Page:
10. The apparatus according to claim 6 wherein two crystal resonator controlled, modified pierce-type gate oscillators are used for the 2F reference clock and for the system clock.
1. Field of the Invention
The present invention relates to data recovery systems and, in particular, to the testing and characterization of the "window-time" specification for a phase locked loop (PLL) integrated circuit which is utilized for data synchronization.
2. Discussion of the Prior Art
From a "black box" standpoint, a phase looked loop data synchronizer receives a single channel data stream and outputs two channels of synchronous signals. The first channel is a replica of the input data. The second channel is a periodic clock which is synchronized to the input data.
This type of PLL establishes a "window" around the expected position of bits within the data stream. It permits a fair degree of random displacement, i.e. jitter, of the individual bits within the boundaries of the window with no apparent effect on the accuracy of the recovery of perturbed data.
To achieve optimum data recovery performance, a PLL is designed with a maximum available window width and with a specified minimum skew between the nominal data bit position and its corresponding decode window center.
In order to ensure that a PLL device is operating within its specification, a suitable measurement is required which forces a data test pattern to displace from its ideal position to ascertain the magnitude of displacement the PLL device can tolerate relative to its specified detection window.
Previous techniques for evaluating discrete or hybrid forms of PLL circuitry window margins; that is, the available window width for the data bit and the associated phase margin, i.e. the data pulse position from the theoretical center of its data window) involve elaborate test setups which include pattern, function and pulse generators together with software or firmware required to support programmability for changing to different test vectors. In-system testing, which is the typical technique used within the industry for testing PLLs, is a system rather than a device oriented procedure. Additionally, the conventionally used techniques rely on dynamic test patterns to simulate in-system conditions. This method depends on the ac characteristic of the circuitry. It also depends on the codes, the type of worst-case patterns employed and the bias conditions selected by different users.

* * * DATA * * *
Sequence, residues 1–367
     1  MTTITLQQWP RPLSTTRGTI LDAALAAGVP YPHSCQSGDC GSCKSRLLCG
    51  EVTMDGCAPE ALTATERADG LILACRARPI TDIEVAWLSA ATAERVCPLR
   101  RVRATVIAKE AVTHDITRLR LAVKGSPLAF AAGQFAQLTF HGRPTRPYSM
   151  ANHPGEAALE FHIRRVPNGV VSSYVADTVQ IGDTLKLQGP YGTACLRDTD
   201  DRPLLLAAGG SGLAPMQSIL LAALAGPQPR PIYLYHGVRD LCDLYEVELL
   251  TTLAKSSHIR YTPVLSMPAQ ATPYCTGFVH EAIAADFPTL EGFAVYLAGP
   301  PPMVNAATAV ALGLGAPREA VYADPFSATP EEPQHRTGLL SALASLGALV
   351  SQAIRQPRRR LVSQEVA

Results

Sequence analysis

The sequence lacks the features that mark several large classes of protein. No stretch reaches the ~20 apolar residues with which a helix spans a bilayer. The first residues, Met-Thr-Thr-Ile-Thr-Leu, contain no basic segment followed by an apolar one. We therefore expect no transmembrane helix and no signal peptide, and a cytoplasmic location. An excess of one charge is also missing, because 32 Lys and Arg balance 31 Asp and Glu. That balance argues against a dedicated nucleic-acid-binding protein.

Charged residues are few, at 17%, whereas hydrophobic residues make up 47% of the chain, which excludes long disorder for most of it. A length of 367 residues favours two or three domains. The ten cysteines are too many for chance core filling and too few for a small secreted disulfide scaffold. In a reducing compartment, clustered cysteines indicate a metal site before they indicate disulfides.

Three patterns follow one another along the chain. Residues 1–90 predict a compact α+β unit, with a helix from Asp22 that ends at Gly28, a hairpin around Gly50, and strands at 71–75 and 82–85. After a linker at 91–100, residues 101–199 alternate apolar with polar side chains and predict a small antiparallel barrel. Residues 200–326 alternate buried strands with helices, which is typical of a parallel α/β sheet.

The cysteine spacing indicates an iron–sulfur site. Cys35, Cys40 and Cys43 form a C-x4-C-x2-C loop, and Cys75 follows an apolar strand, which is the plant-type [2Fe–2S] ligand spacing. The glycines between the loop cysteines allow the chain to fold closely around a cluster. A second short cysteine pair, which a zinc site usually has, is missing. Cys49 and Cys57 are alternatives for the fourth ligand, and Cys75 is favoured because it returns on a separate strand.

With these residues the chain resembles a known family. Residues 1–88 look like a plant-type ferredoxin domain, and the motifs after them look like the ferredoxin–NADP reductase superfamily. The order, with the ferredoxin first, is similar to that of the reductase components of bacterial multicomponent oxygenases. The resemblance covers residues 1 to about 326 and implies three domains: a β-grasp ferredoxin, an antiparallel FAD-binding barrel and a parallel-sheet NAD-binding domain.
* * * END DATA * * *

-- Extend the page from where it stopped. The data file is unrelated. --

A better approach is a "set-up on demand" arrangement. According to this technique, either single-bit or multiple-byte long test patterns are employed. Usually, some specific "worst-case" patterns are incorporated to determine the probablistic distribution of data error accumulated in a given test sequence. The problems with these "on demand" type of arrangements are non-standardized test patterns and a dependence on the data rate, coding method and passive support components used. These techniques are not suitable for data comparison unless the hardware and firmware are uniform and tightly controlled.
It is a primary objective of the present invention to improve upon the conventional method of laboratory bench testing of the bit tolerance, commonly referred to as the window and phase margins, of a PLL data synchronizer.
Accordingly, the present invention provides a compact PLL test apparatus which obviates the need to interface externally a lab pattern generator, a pulse generator and the required square wave function generators for clocking. The present invention offers uncompromised convenience with no calibration required since there are no external function or pattern generators utilized. The test apparatus of the present invention serves as both a correlation tool and an evaluation board, since the device under investigation, regardless of its eventual application, is examined in a controlled test apparatus. Ambiguity and/or differences regarding both how to route input signals to and from the device under test and the method of generating the test patterns and their physical interface to the PLL device are thus avoided.
Another advantage of the present invention is its provision of the necessary hardware and of a monitoring point which allows the user to optimize the selection of a bias component to nullify the phase-margin offset, i.e. which is the offset of the input data pulse from the ideal center of its data window. Furthermore, this selection or adjustment can also serve to test the amount of window skew, that is available from the PLL device under test.